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Sustainable Spas


From beachfront massage salas to high-tech-facial clinics, our modern relaxation centers have their roots in natural cures. So here is a tribute to a few of Southeast Asia's most sustainable practitioners, who tackle your troubles full circle. By Jeninne Lee-St. John

Published on Feb 10, 2014

THAILAND
DHARA DHEVI AND FOUR SEASONS, CHIANG MAI


You can’t get more cycle-of-life than the traditional Thai massage, the lineage of which traces back to the man believed to be a friend and private physician to the Buddha, Dr. Shivago Komarpaj, who performed the treatment in monasteries. So spend a little time meditating with us on a couple of the spas up in Thailand’s farm-fresh north.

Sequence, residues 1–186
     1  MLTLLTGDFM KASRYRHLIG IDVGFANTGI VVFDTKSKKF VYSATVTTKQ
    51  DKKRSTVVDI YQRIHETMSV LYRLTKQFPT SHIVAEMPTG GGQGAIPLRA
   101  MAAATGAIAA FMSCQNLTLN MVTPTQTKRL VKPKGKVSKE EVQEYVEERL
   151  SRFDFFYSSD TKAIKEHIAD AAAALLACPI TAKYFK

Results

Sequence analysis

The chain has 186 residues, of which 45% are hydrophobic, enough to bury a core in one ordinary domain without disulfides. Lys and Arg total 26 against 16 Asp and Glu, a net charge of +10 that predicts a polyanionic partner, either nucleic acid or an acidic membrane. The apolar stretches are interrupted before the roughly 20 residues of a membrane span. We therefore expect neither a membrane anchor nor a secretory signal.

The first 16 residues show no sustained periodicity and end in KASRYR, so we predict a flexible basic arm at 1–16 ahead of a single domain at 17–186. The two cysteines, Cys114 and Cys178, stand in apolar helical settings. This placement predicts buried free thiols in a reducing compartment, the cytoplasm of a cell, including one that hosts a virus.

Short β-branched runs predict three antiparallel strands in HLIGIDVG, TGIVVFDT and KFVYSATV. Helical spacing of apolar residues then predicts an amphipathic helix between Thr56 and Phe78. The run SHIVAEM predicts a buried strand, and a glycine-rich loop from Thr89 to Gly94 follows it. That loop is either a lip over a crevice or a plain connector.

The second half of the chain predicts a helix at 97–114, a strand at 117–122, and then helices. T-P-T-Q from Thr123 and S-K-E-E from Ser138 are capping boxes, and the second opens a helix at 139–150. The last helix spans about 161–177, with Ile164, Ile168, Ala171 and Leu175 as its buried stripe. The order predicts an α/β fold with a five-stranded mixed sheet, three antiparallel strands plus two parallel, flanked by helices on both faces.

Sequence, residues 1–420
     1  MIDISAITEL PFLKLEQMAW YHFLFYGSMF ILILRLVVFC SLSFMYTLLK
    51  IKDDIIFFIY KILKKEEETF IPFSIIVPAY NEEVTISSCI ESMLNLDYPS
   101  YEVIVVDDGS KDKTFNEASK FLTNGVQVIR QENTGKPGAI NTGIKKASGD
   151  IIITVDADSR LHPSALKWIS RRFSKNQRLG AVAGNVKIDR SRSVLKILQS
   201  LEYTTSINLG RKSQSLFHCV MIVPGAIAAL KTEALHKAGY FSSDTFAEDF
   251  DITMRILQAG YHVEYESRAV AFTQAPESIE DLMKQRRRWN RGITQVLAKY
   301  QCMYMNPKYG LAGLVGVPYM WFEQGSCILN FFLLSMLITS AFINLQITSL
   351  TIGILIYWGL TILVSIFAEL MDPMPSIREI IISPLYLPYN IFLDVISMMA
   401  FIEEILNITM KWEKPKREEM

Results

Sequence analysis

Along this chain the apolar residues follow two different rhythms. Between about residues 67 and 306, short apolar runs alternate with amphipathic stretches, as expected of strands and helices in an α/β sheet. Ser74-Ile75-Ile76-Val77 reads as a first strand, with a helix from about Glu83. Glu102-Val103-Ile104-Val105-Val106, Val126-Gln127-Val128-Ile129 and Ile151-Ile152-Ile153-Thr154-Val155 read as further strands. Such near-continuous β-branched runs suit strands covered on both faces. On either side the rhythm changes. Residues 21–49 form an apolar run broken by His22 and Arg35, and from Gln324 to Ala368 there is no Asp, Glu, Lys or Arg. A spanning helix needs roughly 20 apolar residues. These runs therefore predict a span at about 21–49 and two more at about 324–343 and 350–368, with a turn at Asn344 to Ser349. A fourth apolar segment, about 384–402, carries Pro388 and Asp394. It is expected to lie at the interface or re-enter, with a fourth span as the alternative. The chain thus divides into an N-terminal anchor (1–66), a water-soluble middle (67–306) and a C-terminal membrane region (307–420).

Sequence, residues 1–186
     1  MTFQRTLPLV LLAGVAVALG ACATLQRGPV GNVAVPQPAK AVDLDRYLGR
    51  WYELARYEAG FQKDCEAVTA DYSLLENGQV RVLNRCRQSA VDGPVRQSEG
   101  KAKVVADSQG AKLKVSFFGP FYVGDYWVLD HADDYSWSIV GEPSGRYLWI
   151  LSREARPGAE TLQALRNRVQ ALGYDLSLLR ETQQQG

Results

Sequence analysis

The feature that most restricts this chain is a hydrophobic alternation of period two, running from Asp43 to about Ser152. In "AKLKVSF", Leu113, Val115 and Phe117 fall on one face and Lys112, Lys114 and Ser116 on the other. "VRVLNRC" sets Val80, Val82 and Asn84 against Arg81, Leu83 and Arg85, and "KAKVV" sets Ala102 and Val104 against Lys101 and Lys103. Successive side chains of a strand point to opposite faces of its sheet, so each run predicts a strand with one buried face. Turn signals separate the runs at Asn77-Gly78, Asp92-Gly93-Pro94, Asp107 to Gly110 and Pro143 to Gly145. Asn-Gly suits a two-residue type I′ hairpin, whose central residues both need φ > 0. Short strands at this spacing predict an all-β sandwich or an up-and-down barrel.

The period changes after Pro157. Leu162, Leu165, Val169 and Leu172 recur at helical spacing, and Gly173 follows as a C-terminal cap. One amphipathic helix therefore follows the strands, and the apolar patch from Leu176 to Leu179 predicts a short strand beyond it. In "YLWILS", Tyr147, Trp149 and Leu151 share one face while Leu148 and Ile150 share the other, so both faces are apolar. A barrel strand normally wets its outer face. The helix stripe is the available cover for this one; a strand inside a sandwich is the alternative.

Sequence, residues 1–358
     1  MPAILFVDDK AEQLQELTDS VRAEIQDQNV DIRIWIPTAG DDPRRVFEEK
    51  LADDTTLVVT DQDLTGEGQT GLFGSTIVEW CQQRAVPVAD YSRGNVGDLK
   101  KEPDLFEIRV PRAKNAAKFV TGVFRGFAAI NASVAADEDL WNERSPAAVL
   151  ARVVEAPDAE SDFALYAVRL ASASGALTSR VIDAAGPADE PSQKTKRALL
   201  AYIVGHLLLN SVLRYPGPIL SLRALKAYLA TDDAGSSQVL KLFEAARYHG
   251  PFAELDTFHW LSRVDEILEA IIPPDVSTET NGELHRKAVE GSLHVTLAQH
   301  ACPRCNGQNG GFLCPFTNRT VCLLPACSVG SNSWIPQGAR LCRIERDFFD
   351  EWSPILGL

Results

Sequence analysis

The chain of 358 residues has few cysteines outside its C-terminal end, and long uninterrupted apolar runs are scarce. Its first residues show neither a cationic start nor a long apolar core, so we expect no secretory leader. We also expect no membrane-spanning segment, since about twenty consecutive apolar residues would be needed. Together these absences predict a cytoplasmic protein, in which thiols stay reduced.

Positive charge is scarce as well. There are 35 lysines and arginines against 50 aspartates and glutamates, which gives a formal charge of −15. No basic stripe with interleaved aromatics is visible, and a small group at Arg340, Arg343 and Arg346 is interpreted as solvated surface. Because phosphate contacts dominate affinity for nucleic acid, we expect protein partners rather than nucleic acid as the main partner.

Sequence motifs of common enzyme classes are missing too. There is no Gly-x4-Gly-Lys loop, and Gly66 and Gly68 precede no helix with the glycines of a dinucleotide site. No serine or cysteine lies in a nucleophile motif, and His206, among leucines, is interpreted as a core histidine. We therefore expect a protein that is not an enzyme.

A 3,000 square-meter organic garden snuggles into the sprawling ecosystem that makes up Dhara Dhevi, Chiang Mai. Its produce and herbs are used for everything from feeding the 800 local children in the care of the city’s Don Chan Temple to supplying the hotel restaurants’ kitchens to, yes, greening the resort’s Dheva Spa and Wellness Centre.



The ornate, Burmese-inspired spa lobby at The Dhara Dhevi.

An expert on medicinal plants as well as on traditional medicine along the Thai-Burmese border, Oxford lecturer Gerry Bodeker took a sabbatical to Chiang Mai to help create the spa’s herbal compresses, steam room infusions and its homemade soap using the fruits of the garden. He also designed a new landscaping scheme that, early in 2014, will help, not only the plants flourish, but also the kids at Don Chan—who will receive traditional medicines derived from the garden’s therapeutic crops.